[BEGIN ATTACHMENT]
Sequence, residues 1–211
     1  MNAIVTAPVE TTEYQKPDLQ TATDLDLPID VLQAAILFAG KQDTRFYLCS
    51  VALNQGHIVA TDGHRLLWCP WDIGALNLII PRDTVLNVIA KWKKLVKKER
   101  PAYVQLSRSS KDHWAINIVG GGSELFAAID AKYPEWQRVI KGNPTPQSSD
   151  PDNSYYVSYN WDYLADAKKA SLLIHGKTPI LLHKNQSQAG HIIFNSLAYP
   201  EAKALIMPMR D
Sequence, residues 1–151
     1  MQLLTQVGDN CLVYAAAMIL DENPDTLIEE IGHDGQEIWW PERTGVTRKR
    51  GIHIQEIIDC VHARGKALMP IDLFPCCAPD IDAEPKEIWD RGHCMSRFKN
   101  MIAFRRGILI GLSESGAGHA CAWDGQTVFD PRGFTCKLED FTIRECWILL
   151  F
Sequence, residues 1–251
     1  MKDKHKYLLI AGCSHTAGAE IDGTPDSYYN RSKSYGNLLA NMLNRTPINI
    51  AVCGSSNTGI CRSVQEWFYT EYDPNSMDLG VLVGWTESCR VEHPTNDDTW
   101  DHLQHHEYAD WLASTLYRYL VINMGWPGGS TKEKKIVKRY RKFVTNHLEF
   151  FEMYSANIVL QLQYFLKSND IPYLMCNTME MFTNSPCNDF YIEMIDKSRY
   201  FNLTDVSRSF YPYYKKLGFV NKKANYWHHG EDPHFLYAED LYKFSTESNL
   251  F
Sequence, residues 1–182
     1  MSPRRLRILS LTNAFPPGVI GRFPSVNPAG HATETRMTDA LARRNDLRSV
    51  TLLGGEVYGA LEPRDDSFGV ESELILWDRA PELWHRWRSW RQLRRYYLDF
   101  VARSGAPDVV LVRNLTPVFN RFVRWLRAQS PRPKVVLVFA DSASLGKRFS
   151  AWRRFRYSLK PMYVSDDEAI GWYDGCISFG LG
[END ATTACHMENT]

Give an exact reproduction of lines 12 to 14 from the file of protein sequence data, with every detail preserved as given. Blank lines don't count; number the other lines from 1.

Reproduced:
Sequence, residues 1–251
     1  MKDKHKYLLI AGCSHTAGAE IDGTPDSYYN RSKSYGNLLA NMLNRTPINI
    51  AVCGSSNTGI CRSVQEWFYT EYDPNSMDLG VLVGWTESCR VEHPTNDDTW